Constructing the turrets next to a live runway presented a number of obvious challenges, but once complete the units had to then be transported one mile across the airport to the multi-storey car park. “There wasn’t room near the car park to build the units so moving them required four mobile cranes at two locations and a special lowloader which moved the turrets at 5mph across the airfield,” Mr Mosey says.

Using a 1,000t and a 500t capacity mobile crane to install the turrets into the car park’s concrete ventilation shafts was a very tricky procedure as there was only a 40mm clearance. “The lifts had to be exact as the turrets had to fit on to pre-installed holding bolts at the bottom of the 30m-deep shafts,” Mr Mosey adds.

So successfully were the turrets installed over the two weekends, that Glentworth was able to bring the car park’s construction ahead of schedule. Wayne McKnight, Glentworth Fabrications Contracts Manager explains: “The concrete pouring was running late, but after we’d installed our steel units the job was actually two weeks ahead of schedule.”

The four ventilation turrets were all clad with aluminium louvres before being installed during July, and once in position a final top section was bolted on. “It is these sections which are visible at ground level,” Mr Harrison explains.

Installing steelwork in ventilation shafts may have become a bit of a speciality for Glentworth at T5 as the company has also fabricated and installed two steel risers for the new terminal’s underground extensions.

Again working on behalf of Balfour Beatty, Glentworth constructed two galvanised steel units, containing emergency staircases and handrails, on a site adjacent to the shafts. One unit was installed in the 38m-deep shaft D for the new Piccadilly line extension at T5 and the other was inserted into the 32m- deep shaft C which serves the Heathrow Express extension.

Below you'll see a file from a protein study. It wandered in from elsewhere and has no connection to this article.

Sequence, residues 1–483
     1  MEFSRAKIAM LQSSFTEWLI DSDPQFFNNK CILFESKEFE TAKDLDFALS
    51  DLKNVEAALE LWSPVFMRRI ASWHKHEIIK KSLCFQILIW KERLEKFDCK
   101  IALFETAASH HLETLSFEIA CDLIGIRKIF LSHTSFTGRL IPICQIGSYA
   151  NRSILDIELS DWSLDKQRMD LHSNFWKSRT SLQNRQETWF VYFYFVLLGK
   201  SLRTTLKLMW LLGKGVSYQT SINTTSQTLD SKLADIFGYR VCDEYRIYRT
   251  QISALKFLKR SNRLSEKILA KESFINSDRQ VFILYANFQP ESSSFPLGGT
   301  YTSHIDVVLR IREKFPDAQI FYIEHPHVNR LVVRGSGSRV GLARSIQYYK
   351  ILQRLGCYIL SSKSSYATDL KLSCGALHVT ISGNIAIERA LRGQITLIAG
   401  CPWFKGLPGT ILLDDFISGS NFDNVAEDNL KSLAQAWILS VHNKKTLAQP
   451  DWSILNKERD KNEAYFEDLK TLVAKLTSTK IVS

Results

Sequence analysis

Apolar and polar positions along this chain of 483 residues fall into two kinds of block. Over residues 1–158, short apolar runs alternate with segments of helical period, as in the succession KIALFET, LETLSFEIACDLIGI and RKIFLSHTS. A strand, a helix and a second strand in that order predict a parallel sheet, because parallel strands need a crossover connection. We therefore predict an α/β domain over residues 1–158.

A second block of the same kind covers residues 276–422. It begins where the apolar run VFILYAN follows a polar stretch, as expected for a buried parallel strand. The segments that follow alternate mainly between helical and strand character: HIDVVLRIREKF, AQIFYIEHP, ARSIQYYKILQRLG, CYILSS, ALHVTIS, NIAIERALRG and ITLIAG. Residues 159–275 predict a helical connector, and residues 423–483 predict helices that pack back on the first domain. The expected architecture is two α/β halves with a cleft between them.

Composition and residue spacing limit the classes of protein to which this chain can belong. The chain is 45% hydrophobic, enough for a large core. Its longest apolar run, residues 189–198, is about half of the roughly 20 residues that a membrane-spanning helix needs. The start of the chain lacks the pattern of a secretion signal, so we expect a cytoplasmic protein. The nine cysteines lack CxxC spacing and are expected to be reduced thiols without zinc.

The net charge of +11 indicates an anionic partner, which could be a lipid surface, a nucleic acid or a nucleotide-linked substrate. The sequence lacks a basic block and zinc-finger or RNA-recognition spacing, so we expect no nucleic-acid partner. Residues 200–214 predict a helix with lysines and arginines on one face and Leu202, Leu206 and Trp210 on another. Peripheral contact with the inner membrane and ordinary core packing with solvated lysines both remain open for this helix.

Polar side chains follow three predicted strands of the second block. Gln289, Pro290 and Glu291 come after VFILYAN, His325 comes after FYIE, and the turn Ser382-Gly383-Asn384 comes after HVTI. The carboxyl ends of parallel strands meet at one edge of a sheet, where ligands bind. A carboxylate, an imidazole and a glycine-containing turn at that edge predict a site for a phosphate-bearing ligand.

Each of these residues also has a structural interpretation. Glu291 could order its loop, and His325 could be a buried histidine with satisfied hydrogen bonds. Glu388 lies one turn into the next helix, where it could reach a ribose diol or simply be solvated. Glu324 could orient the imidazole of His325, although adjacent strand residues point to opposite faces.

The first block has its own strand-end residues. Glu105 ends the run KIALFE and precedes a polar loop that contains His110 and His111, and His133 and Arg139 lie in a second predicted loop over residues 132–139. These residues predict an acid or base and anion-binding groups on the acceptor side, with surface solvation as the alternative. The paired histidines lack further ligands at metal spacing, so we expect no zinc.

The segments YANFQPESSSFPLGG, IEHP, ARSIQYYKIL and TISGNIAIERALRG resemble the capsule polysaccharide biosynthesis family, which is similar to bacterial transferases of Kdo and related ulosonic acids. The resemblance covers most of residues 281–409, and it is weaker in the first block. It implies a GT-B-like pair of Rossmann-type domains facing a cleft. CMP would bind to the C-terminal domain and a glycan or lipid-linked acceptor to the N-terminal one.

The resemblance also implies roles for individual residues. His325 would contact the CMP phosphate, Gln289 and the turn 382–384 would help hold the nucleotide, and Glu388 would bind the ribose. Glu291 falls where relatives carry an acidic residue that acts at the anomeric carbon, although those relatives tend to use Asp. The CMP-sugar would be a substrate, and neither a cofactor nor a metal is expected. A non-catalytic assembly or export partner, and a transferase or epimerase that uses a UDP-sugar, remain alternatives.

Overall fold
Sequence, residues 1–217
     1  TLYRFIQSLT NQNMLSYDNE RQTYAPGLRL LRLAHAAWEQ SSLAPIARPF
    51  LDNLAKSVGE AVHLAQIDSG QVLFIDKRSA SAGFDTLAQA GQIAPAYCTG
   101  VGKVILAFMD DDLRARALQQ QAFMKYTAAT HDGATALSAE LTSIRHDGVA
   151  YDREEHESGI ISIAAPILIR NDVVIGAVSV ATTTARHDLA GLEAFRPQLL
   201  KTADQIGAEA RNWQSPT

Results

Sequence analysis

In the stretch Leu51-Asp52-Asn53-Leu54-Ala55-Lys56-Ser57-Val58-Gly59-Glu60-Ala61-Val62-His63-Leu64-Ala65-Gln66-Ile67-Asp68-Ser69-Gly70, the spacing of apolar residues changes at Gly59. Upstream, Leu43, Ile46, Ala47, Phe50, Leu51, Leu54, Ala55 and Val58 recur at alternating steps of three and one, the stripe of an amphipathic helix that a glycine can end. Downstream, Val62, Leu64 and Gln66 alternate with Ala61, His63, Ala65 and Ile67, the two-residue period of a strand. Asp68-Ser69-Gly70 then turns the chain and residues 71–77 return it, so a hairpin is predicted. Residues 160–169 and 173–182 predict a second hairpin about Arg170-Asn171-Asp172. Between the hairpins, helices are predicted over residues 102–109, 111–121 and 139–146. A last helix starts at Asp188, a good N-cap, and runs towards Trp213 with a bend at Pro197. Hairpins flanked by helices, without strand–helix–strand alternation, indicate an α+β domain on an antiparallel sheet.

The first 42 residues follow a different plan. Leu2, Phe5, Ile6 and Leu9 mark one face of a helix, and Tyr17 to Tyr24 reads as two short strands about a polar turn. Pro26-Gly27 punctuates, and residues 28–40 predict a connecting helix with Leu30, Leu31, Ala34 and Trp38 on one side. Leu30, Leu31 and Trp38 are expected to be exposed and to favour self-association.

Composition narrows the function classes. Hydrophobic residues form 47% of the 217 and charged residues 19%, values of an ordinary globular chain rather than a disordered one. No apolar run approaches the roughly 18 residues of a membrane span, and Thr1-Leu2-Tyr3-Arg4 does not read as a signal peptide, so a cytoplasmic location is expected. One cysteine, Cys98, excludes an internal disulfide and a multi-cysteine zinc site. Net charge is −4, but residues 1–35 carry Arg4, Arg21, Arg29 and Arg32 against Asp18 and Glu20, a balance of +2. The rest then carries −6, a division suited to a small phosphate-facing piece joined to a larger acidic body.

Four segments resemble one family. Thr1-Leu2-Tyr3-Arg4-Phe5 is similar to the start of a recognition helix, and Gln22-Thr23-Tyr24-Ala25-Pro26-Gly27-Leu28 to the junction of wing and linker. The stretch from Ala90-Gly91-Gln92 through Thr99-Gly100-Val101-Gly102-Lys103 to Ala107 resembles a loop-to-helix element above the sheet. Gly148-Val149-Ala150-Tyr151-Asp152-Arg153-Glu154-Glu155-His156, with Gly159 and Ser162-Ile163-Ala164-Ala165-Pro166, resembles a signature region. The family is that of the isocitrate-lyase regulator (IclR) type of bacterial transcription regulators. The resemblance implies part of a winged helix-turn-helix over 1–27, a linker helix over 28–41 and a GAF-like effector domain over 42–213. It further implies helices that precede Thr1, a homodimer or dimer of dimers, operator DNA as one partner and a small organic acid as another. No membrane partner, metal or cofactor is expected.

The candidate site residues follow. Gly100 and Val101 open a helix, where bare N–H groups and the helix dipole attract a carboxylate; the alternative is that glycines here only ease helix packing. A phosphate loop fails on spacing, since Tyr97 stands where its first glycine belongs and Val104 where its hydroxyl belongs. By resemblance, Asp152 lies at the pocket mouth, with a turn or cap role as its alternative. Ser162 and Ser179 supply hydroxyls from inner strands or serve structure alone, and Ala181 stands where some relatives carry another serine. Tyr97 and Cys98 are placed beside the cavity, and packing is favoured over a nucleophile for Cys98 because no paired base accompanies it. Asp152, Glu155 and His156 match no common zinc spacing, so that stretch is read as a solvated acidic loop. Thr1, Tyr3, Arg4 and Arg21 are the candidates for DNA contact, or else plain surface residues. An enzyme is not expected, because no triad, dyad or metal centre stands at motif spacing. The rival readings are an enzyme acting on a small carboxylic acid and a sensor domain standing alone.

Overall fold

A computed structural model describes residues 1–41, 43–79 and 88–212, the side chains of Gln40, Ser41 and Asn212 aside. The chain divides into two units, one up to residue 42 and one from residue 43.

“We used approximately 100t of steelwork for each shaft,” Mr Mosey says. “And we erected the complete riser, including stairs, floor by floor, tying the structure into the concrete wall via brackets.”

The company used a 25t capacity mobile to lift individual members down the shaft, and these were then bolted together. Five levels of stairs were also lifted into position individually. Separating stairs and vents, a concrete fire wall was also added.

Glentworth has also installed some galvanised steelwork inside the main T5 terminal building. A total of nine ducts inside the main lift and stair cores of the structure required decked maintenance platforms for the electrical risers.

A further on-going Glentworth contract at T5 involves the company working for Amec and installing fire damper access platforms at eleven locations on the underground extension.

Working deep beneath the T5 project brings with it a whole host of unique challenges including transporting all steelwork by trolley along the extensive tunnel network.

The access platforms are 9m2 in plan, are fully decked and also have steel handrails. As the underground works are currently on-going, Glentworth is having to work around Amec’s programme, and consequently the fire access platforms are being installed intermittently.

“We take on the jobs the big boys don’t want,” Mr Harrison says. “The work at T5 hasn’t been the most prestigious, but it is still important steelwork,” he sums up. And, of course, not forgetting the company has had the opportunity to work on three levels at T5: underground, on the ground and overground.